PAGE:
Imported food products manufactured using banned ingredients are seen flooding into the local market risking the health of the Lankan consumer but the authorities have done little to nab those unscrupulous traders, the association representing the confectionery manufacturers charged.
The Lanka Confectionery Manufacturers’ Association (LCMA) expressed its surprise at the manner in which these importers, who could be hundreds in number, have been importing and selling such confectionery items made out of harmful and banned ingredients, with impunity.
“Today we see imported food products specially confectionery in the market, which do not comply with the local regulations,” said LCMA Chairperson Shanasz Hakeem.
Last year, the association even went to the extent of listing down those outlets selling confectioneries made out of banned ingredients to the Health Ministry and the Consumer Affairs Authority (CAA)— the government’s consumer rights watchdog.
“But sad to say, even today we see these outlets in operation violating the law of the country,” Hakeem said addressing their 24th Annual General Meeting.
While the health hazard posed by these confectionery items will have an irreparable damage to people’s health, these traders cause further harm to the country’s economy by increasing the import bill, which has already reached unsustainable levels.
These unscrupulous traders mostly target the children as they can easily fall prey to these sweet confectionary items. With the absence of anti-dumping regulations, Sri Lanka has become an easy dumping ground of any and every imported product manufactured any and everywhere. It was only recently Mirror Business reported a certain business figure with close links to the incumbent regime is said to be acting to block the passage of anti-dumping laws. At a time when the government is expediting the process to sign a deeper goods and services agreement with India and another few trade pacts with several other countries, the local industrialists have begun to fear of their survival should the required safeguards are not put in place.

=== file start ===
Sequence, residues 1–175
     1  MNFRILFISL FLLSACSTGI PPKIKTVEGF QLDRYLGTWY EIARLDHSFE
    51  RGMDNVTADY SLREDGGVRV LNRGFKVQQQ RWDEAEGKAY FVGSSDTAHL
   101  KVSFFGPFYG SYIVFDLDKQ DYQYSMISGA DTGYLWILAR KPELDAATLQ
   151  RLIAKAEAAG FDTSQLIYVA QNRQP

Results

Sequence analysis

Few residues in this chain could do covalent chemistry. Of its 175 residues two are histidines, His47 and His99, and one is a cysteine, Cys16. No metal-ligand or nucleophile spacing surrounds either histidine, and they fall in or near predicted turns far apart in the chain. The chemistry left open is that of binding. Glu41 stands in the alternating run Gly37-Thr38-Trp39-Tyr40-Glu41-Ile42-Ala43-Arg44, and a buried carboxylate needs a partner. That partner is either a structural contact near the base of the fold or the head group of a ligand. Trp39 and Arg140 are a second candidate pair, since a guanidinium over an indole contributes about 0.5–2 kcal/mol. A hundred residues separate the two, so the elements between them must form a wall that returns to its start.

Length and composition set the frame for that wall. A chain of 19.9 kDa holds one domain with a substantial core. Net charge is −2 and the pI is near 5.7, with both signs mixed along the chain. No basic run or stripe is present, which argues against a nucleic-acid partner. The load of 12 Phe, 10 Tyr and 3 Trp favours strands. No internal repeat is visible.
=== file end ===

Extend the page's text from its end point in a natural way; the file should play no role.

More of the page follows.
Meanwhile, it has also come to light that the Sri Lanka Standards Institution (SLSI) only carries out random testing on imported products, a practice which does not suffice to tackle the dumping of hazardous imports.
“We have advocated before and we advocate now that they should study the system in operation in our neighbouring countries such as India and follow a system of charges that these countries make on testing of all imported products into their countries prior to the release of these products inwards by their Customs,” Hakeem said.
While the proposed practice will ensure such imports adhering to the food standards, such will also enable the government to increase its revenues.